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Differences in the frequencies and error estimates of p-modes between different fitters - a problem for model fitting
Ian Roxburgh (Queen Mary University of London)
Not infrequently the frequencies for a given star determined by different fitters do not agree with each other - the differences can be larger than the error estimates so that were one to find a model that fitted one frequency set it may well not fit an alternative set. I illustrate this by comparing frequency sets for 21 stars from the Kepler Legacy project with alternative frequency estimates from Davies (2015), Appourchaux (2014) and myself.
I explore the origin of the differences and compare with estimates from an independent fitting routine, concentrating on 16CygA and 16CygB. I find that there is some error in the Legacy determination of some of the frequencies of 16CygA, and that for 16CygB, whilst on using the kasoc weighted power spectrum I reproduce the Legacy frequencies, except for modes with low signal/noise, I do not reproduce these frequencies using a power spectra derived from the kasoc light curve. I find much better agreement with Davies's frequencies (except for modes with low signal/noise) on using his power spectrum, a power spectrum derived from his time series, and power spectra derived from the kasoc light curve.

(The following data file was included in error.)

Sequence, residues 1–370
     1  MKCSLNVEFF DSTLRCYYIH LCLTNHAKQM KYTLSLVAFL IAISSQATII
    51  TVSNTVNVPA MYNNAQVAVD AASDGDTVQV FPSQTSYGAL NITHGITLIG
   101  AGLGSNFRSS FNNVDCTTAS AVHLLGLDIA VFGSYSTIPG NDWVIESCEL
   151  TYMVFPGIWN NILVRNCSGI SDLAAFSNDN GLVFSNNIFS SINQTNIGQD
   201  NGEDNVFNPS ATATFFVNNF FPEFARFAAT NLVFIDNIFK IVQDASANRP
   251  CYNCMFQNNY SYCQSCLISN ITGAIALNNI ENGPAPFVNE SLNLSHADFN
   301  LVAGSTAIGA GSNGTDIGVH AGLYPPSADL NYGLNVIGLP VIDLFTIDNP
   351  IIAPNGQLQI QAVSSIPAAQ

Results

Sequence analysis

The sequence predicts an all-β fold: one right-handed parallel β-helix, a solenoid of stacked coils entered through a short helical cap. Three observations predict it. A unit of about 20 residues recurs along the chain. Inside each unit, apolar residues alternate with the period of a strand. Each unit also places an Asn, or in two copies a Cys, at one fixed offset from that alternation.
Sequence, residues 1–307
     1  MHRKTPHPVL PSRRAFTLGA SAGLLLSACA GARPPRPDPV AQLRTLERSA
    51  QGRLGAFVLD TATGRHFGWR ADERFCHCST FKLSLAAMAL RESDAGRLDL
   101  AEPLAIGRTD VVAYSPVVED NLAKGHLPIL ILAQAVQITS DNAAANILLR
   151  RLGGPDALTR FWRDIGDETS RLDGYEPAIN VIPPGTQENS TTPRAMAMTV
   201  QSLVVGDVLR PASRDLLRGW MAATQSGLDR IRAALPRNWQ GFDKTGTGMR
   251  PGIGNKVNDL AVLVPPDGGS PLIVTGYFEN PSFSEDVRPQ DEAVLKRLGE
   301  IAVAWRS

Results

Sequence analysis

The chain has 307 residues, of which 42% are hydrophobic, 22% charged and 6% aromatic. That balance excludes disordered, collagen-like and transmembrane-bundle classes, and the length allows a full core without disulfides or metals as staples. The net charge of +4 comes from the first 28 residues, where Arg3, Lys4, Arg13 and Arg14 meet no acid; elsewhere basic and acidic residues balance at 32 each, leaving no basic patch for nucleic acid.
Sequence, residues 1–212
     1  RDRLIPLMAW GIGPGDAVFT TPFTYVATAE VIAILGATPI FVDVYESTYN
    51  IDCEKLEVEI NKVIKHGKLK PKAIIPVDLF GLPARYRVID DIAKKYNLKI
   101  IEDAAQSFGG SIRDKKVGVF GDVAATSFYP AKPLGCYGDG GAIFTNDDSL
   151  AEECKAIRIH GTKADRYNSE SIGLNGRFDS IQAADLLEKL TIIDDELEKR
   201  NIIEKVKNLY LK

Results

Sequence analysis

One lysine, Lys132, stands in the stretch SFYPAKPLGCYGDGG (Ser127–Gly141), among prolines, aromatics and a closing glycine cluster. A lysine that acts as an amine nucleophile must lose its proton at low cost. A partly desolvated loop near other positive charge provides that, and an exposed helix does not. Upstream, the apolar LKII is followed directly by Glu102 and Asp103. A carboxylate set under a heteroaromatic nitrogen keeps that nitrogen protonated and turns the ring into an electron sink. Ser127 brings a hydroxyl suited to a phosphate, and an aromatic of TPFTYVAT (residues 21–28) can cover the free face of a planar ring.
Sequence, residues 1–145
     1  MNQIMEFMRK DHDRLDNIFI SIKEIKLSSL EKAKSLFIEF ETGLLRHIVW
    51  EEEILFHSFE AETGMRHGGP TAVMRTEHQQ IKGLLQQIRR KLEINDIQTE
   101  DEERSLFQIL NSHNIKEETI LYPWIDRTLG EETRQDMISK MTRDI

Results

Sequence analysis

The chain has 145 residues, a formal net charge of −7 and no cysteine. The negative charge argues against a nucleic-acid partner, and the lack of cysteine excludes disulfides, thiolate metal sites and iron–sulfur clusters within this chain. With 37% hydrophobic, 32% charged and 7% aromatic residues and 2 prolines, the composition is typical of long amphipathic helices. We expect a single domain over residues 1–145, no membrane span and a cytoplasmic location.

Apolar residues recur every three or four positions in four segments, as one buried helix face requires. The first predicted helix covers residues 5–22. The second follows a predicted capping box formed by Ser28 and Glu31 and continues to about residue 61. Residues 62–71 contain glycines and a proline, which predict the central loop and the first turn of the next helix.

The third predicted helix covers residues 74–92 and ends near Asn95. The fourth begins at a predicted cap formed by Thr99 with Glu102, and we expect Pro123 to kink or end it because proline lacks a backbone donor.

Other factors that affect fitted mode parameters include different fitting techniques, different constraints on the fitting procedure, large variations in estimates at low and high frequencies where the mode power is small compared to the background, and estimates of rotational splitting. In my opinion, given that there is no known "correct" procedure, the differences between values obtained using different techniques should be included in estimates of the uncertainties in the frequencies.